Carnita Cravings

Our Carnita in the crockpot

Our Carnita in the crockpot

It is an exciting time at our house again.  It is not Christmas or someone’s birthday.  And, if is not even close to a vacation.  It is time for carnitas.  As I searched Wikipedia briefly, I wonder if what we are eating is really “carnitas”.  It refers to them as “little meats”.  Our is kind of little, but it is definitely cooked in its own juices.  Since we use a pork shoulder butt, there is PLENTY of its own juices to cook in.  We don’t claim to make the best carnitas, but we have developed a following within our household.  Thanks to our exchange students, it also seems to play well in China and Korea.

Besides cooking the meat slowly (we put it in before and let it cook slowly all night–it will probably cook 12-15 hours before it is all done), their are a few spices.  Cumin, chili powder, salt, pepper and garlic are something found in every kitchen.  After adding a couple of finely chopped onions, the real key is the jalapenos peppers.  The original recipe I started with mentioned only a small amount of some other pepper.  But, being in Texas with a bounty of jalapenos, it just seemed right to include them.  Today’s batch included 14 or 15 of them finely chopped.  The real secret here is convincing your exchange student who is craving this spicy, yummy taco-ish meal to step up and prep the peppers to be chopped.  (Cutting off the stem and halving the peppers is not bad.  It is using the spoon to scrape out the seeds that becomes slightly dangerous.  Eye rubbing is not permitted for quite a few hours after preparing the peppers for the carnage unleashed by the food processor.)  Once all ingredients are all piled into the nearly overflowing crockpot w/ a 12 hours setting on “low”, we can all go to bed knowing the craving will only accelerate as the time for dinner eventually arrives.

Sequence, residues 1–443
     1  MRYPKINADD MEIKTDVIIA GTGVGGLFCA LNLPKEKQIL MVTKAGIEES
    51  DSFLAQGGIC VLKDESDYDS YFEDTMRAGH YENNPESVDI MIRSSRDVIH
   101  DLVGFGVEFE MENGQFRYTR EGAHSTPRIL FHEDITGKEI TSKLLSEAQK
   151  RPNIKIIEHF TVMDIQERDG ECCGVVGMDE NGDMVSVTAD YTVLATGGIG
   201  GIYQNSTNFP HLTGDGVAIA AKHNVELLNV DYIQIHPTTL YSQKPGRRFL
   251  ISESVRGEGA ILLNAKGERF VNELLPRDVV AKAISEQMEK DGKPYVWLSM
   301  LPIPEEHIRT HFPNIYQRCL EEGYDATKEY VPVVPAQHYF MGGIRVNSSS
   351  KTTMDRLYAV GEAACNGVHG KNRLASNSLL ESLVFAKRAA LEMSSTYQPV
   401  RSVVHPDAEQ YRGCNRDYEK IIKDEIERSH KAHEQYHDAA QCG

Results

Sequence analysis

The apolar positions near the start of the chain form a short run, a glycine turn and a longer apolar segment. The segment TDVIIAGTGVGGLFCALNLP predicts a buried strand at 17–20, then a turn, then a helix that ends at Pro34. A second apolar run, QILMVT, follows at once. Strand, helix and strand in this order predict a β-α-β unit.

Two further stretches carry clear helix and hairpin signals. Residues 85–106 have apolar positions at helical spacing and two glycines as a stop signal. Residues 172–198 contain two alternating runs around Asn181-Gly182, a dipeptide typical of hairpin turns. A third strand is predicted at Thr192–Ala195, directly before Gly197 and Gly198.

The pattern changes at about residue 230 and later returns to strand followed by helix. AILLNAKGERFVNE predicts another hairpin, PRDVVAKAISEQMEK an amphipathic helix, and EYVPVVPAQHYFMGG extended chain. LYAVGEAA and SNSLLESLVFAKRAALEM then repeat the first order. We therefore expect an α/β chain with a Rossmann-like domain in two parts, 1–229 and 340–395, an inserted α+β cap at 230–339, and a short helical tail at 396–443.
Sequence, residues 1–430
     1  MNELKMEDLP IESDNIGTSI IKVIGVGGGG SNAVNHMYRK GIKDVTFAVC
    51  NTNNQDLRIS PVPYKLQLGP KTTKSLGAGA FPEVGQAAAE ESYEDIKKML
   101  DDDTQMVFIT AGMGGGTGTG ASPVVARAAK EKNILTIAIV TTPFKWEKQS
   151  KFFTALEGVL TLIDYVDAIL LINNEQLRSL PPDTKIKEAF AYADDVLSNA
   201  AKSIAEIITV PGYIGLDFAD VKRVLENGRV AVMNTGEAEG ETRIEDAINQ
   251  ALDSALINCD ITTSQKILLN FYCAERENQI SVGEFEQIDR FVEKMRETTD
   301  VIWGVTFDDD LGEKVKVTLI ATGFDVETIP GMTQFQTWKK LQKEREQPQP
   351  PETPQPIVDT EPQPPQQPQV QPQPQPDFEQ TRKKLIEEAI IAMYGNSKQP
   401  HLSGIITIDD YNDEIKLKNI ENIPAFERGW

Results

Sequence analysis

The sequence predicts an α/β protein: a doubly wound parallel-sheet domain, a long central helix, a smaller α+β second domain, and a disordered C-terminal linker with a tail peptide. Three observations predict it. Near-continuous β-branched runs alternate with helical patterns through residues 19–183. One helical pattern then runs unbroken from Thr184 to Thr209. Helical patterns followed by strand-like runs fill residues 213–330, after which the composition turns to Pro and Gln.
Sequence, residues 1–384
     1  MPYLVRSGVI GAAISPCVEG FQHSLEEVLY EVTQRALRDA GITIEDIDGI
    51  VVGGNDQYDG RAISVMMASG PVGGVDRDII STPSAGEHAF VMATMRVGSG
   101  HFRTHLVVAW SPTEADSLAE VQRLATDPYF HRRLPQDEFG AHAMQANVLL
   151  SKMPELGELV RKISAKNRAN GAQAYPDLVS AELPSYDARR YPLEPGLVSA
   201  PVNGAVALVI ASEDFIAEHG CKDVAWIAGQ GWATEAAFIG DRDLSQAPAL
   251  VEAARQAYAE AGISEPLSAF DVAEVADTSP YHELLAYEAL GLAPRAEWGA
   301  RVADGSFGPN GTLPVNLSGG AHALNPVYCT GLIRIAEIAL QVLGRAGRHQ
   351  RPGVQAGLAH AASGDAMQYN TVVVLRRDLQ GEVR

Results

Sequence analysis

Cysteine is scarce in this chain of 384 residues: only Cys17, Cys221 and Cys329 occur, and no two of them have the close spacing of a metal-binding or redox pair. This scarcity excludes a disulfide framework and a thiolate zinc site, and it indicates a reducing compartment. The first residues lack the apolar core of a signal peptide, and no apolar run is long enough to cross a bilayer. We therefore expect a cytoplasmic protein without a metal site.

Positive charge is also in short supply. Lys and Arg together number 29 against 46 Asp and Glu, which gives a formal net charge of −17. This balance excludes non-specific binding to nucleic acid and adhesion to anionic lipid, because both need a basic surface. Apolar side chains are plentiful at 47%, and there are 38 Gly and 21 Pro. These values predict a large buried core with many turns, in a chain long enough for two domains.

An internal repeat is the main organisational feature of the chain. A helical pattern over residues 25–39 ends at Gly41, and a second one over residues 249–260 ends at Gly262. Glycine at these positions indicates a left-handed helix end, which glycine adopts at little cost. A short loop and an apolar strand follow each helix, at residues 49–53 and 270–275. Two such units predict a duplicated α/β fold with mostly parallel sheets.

At this point, I am anticipating the meal more than the others.  I have pulled the bone out of the meat.  I have tried to separate the meat into small little pieces that can be completely saturated by the juicy porky-ness.  The jalapenos are nearly “dead” in the vegetable sense of the word.  They have released nearly all of their flavors into the juices that are completely infusing the pork……excuse me, but I think drooled.  Once dinner time arrives, there is one more step that precedes consumption.  As I was looking for carnita recipes way back in the spring, this is the step that hooked me.  After pulling the meat out of the crockpot, the meat is placed on a cookie sheet.  After making sure the meat is separated nicely, the meat is put under the broiler for 5 minutes.  The sheet is then pulled out, and the meat is turned over with more juices drizzled over it.  After being broiled for another 5 minutes or so, it comes out an irresistible crispy.  It is served with regular taco sides, and in this families humble opinion, it is pretty awesome.  Our Chinese exchange student said carnitas and tacos are her favorite things she has eaten since being here.

I try to have a “message” or insight at the end of my blog postings.  I am afraid this one might fall short, but I will still try…..  It doesn’t matter what food your make or what you like to eat!  A meal at home with all gathered around the table is a good thing.  And, when this meal is something causing all the saliva glands of all of the household members to work overtime, then chances are the conversation will be special, too.  As our kids age, it is memories of these type of meals that will help make their own families stronger.  And, selfishly, I hope it makes them want to call home someday and ask, “So, are you making carnitas soon?”

The carnitas post-crisping

The carnitas post-crisping

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